New data shows that the next epidemic may come from melting glaciers

According to new data, the next pandemic may not come from bats or birds but from matter in melting ice.

Genetic analysis of soil and lake sediments from Lake Hazen, the world’s largest arctic freshwater lake, suggests that the risk of viral spread — as the virus infects a new host for the first time — may be higher near melting glaciers.

The findings suggest that as global temperatures rise due to climate change, it becomes more likely that viruses and bacteria trapped in glaciers and permafrost could wake up and infect local wildlife, particularly as their range also shifts to the poles.

For example, in 2016, an anthrax outbreak in northern Siberia that killed a child and injured at least seven other people was attributed to a heat wave that melted the permafrost and exposed the carcass of an infected reindeer. Before that, the last outbreak in the area was in 1941.

To better understand the risks posed by frozen viruses, Stéphane Aris-Brosou and colleagues at the University of Ottawa in Canada collected soil and sediment samples from Lake Hazen, near where small, medium and large amounts of meltwater flow from local glaciers.

Next, they sequenced the RNA and DNA in these samples to identify signatures that closely matched those of known viruses, as well as potential animal, plant, or fungal hosts, and ran an algorithm to assess the chance of these viruses infecting non-viral populations. related to living things.

The research, published in Proceedings of the Royal Society B, suggested that the risk of viruses spreading to new hosts was higher at sites close to where large volumes of glacial meltwater flow – a situation that becomes more likely as the climate warms.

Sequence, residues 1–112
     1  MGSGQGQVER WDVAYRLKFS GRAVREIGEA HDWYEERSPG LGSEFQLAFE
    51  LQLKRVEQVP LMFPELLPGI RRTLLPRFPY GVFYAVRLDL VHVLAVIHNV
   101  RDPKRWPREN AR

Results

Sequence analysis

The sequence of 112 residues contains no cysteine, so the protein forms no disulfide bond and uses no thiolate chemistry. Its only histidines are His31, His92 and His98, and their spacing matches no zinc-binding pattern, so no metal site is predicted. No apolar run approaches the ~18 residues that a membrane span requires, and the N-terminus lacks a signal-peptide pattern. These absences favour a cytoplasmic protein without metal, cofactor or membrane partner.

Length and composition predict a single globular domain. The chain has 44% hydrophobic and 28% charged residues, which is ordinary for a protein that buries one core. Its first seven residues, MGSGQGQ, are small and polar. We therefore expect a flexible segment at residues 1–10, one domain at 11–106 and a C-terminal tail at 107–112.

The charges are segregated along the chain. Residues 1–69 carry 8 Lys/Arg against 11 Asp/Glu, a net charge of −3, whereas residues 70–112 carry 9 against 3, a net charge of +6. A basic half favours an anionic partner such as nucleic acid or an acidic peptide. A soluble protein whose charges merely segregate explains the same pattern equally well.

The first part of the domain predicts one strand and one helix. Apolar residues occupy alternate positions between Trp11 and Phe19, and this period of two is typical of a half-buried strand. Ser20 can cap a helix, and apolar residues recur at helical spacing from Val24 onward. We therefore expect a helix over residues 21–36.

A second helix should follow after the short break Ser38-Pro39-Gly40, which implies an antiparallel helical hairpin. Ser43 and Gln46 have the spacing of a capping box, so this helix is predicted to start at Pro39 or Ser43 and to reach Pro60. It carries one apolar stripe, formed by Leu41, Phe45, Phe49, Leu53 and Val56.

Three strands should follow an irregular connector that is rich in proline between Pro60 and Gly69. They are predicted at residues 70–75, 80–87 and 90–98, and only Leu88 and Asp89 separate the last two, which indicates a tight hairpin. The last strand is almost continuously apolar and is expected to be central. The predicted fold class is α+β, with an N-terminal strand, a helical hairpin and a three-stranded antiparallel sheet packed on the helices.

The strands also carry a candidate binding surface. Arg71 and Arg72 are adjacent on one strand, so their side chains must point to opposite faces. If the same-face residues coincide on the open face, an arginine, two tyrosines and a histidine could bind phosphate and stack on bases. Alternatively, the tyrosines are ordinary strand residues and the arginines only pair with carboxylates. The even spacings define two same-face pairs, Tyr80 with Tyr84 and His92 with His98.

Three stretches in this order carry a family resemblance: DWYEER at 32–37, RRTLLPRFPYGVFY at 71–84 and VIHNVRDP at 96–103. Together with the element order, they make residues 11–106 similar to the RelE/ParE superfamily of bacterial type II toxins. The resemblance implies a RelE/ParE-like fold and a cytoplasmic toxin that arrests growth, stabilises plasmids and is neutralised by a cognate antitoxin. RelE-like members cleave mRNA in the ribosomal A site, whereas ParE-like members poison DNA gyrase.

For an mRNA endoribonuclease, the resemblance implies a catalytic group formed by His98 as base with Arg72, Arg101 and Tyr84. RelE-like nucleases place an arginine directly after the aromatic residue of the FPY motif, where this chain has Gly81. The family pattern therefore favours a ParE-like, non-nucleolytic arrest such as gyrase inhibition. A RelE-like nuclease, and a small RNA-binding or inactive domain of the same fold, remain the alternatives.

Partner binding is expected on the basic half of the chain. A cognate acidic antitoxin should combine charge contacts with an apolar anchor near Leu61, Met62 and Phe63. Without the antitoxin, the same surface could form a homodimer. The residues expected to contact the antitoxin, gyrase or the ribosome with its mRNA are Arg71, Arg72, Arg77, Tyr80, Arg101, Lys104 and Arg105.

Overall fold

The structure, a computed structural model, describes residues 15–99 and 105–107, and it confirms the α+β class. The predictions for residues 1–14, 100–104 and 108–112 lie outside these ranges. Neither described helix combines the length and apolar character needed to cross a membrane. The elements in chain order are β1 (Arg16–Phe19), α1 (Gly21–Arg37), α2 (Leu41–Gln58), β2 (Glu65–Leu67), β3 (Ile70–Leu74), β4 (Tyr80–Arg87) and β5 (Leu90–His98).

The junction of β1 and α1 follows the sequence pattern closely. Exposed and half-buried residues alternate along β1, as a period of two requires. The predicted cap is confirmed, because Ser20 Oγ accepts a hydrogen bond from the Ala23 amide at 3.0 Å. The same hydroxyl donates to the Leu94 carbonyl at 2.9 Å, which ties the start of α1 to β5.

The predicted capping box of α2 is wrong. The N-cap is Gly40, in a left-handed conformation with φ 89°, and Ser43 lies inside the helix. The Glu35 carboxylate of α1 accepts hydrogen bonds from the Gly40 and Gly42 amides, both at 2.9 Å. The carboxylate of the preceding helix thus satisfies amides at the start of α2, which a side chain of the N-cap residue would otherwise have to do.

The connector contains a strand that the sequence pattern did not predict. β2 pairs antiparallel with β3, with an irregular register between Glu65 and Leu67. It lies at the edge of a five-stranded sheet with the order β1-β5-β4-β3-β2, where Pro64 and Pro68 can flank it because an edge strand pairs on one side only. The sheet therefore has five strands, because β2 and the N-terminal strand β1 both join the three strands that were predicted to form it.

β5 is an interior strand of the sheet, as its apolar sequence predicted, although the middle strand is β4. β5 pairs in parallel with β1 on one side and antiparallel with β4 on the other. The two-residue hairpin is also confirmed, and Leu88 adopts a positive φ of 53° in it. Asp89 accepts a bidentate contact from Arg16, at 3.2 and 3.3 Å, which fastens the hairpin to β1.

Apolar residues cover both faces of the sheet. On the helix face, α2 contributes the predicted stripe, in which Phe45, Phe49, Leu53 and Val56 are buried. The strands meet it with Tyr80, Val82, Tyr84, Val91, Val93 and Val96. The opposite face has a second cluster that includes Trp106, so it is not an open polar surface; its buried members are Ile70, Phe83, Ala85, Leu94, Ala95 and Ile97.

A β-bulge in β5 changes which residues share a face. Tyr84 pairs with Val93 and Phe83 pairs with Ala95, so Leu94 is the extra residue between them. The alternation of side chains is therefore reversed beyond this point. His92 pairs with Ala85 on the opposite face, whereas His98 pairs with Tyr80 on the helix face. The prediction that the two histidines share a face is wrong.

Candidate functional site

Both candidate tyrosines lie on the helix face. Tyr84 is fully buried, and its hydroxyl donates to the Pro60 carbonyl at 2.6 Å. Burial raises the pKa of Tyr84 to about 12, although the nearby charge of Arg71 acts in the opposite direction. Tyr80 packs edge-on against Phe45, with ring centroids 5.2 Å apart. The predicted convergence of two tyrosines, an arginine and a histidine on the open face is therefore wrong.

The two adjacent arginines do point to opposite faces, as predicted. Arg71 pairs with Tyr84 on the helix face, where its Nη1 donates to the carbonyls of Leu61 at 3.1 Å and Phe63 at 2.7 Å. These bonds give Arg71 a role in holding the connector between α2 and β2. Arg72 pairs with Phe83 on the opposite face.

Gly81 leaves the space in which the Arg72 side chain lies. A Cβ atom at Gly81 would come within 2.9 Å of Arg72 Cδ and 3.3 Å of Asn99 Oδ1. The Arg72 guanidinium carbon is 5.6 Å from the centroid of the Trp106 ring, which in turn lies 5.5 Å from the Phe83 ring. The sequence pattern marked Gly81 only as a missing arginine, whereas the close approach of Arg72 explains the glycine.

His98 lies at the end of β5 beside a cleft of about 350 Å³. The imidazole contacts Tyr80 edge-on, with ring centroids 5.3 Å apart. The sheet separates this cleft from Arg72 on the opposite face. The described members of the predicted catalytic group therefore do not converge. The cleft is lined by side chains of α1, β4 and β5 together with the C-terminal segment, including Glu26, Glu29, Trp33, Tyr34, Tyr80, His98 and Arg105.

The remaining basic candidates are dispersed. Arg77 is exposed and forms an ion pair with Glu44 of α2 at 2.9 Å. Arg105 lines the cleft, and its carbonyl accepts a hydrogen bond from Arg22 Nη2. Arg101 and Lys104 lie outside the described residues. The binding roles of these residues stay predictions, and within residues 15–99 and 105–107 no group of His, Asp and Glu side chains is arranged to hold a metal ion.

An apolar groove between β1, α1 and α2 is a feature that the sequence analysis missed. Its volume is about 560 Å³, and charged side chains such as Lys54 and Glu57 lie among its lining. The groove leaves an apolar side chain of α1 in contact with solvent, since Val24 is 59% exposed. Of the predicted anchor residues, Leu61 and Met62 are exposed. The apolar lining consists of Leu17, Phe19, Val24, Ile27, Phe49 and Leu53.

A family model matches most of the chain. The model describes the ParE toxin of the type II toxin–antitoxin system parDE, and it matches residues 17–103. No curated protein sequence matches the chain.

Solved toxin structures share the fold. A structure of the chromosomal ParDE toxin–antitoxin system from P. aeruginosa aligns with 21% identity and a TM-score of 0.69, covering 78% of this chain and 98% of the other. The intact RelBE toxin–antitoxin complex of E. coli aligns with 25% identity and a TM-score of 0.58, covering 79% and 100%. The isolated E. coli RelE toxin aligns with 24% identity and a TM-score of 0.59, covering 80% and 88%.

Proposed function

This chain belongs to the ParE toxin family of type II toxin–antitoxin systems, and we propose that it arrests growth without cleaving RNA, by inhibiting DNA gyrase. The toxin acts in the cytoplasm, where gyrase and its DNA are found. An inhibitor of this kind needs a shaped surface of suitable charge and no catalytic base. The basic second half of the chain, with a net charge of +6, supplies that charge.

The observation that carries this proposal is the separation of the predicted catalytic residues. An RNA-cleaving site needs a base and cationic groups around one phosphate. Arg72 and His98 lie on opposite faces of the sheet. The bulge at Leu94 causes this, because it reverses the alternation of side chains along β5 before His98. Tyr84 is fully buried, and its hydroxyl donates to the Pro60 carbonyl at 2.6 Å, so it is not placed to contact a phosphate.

The team did not specify how many previously unknown viruses they had identified – something they plan to do in the coming months – nor did they assess whether these viruses were capable of causing infection.

However, other recent research has suggested that unknown viruses can, and do, hang out in icy ice. For example, last year, researchers at Ohio State University in the US announced that they had found genetic material from 33 viruses – 28 of them new – in ice samples taken from the Tibetan plateau in China. Based on their location, the age of the viruses has been estimated to be around 15,000 years.

In 2014, scientists at the French National Center for Scientific Research in Aix-Marseille were able to revive a giant virus that they isolated from Siberian permafrost, making it infectious again for the first time in 30,000 years. Study author Jean-Michel Claverie told the BBC at the time that exposing these layers of ice could be a “recipe for disaster”.

However, Aris-Brosou’s team cautioned that predicting higher risk of spread was not the same as predicting actual spread or epidemics. “As long as viruses and ‘bridge vectors’ are not simultaneously present in the environment, the probability of catastrophic events is likely to remain low,” they wrote.

On the other hand, climate change is expected to alter the range of existing species, which could lead to new hosts coming into contact with old viruses or bacteria.

“The only thing we can put forward with confidence is that as temperatures rise, the risk of fallout in this particular environment increases,” said Aris Brousseau. “Will this lead to epidemics? We absolutely don’t know.”

It is also unclear whether the host switching potential identified in Lake Hazen is unique within the lake sediments. “For all we know, it could be the same as the host switching potential that viruses form from the mud in your local pond,” said Erwin Edwards, director of the Interdisciplinary Center for Environmental Microbiology at Aberystwyth University.

However, “we urgently need to explore the microbial worlds across our planet to understand these risks in context,” he said. Two things are very clear now. First, that the Arctic is rapidly warming and that the greatest risks to humanity are due to its impact on our climate. Second, diseases from elsewhere are finding their way into vulnerable communities and ecosystems in the Arctic.”

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